Urban Fantasy: Roach thralls might be the result of an overflow of arcana into an area of trash and filth, the cockroaches of the area transforming into something larger and more intelligent than their base form.
Sci-Fi: Roach thralls fit in well with the "bughunt" genre; they're big (for an insect), they're alien in agenda and habits, and are shaped like a creature most humans find disgusting.
High Fantasy: Roach thralls might be the servants of a deity of insects, plagues, or deceit.

2009-10-09, 12:06 PM
How about using them as bait? "Oh help, these people have been kidnapped/disappeared!"

In a dark room, human-Thralls look like every other dirty prisoner. Then you have the real villains of the piece (maybe ones with Sneak attack!) ambush the party, while the Roach Thralls unmask one at a time to provide flanking!

2009-10-12, 09:21 AM
You make a good point. I always enjoy further input.

EDIT: And now the newest installment.

Uses For the Bogeyman
The Basics
Bogeymen are the horror movie monster staples, the hateful revenant in the night that comes to murder those that break the cultural norms. As a template, the bogeyman gets much more usage fuel than a full-fledged monster, and can be applied to any humanoid. This leads to an interesting question: if bogeymen murder those messing with their personal idea of the status quo, what happens with non-human bogeymen? Perhaps elf bogeymen slaughter elf loggers. Maybe orc bogeymen hunt down and brutally murder deserters of the battlefield. The ideas are endless.

Bogeymen may be humanoid, but that doesn't mean they fight naturally. With immunities to both nonlethal damage and most status conditions, fast healing, and the ability to survive at the point most humanoids die (-10 HP), a bogeyman is a fearless brute in combat that gets in close and doesn't relent in spite of adversity displayed toward it.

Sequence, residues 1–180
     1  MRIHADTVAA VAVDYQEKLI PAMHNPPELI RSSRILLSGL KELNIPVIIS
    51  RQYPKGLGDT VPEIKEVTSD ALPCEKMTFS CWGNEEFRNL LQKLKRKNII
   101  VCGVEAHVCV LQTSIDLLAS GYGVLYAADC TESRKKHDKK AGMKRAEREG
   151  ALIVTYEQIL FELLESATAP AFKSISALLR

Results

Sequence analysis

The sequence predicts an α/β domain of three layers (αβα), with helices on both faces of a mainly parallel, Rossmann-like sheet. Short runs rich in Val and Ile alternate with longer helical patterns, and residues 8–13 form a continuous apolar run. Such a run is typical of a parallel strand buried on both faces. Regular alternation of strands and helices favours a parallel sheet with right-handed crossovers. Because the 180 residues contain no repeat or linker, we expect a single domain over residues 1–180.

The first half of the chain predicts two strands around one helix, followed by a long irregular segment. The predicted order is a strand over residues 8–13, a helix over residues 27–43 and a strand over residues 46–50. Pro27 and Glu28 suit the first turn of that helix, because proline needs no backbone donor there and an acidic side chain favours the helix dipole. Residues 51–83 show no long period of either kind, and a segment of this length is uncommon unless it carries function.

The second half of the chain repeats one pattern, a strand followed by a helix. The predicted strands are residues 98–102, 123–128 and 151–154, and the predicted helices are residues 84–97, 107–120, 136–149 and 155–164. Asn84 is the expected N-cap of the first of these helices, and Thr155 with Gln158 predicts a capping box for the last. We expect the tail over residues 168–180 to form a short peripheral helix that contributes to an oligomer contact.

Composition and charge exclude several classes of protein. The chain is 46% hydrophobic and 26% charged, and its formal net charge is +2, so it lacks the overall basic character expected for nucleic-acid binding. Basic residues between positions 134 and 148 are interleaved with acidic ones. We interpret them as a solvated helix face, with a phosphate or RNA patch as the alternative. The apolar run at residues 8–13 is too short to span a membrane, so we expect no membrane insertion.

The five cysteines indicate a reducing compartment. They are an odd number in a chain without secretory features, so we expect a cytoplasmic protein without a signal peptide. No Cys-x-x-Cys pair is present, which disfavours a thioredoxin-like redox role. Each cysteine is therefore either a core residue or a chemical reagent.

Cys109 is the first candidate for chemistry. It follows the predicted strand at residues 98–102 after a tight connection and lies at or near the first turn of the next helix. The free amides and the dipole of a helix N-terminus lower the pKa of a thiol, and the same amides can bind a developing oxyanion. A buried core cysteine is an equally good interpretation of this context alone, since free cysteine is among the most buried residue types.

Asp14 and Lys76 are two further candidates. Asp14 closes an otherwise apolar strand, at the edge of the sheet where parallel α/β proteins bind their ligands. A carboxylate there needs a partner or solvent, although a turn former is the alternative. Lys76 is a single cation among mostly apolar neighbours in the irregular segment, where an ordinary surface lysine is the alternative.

Human Uses
A bogeyman could theoretically be utilized as an assassin; they'd work for free to "purge the beasts" for their employer. Then again, you never know when the bogeyman might decide its employer is just as worthy of purging...

Arcane Uses
Necromancers find heavy use out of bogeymen.

Bogeymen in Various Settings
Baseline Modern: The killer with the hook for a hand, the man in the back seat of the car, the axe murderer in the old abandoned house...popular culture and urban legends are already filled with bogeymen. They fit in disturbingly well into a modern setting, since their supernatural toughness is only an overlay over the all to real fear of madness.
Urban Fantasy: Bogeymen fit in rather well into urban fantasy, adding into the wendigo niche; perhaps there's a supernatural force that possesses the bogeyman, rather than it just being mutated by its own inner rage and madness.
Sci-Fi: Go play Seven Days a Skeptic. The general premise might give you a good idea of how to utilize bogeymen in a science fiction campaign.
High Fantasy: Bogeymen in high fantasy fill a generally similar niche to those in urban fantasy, only with less chainsaws and shotguns and more swords and armor.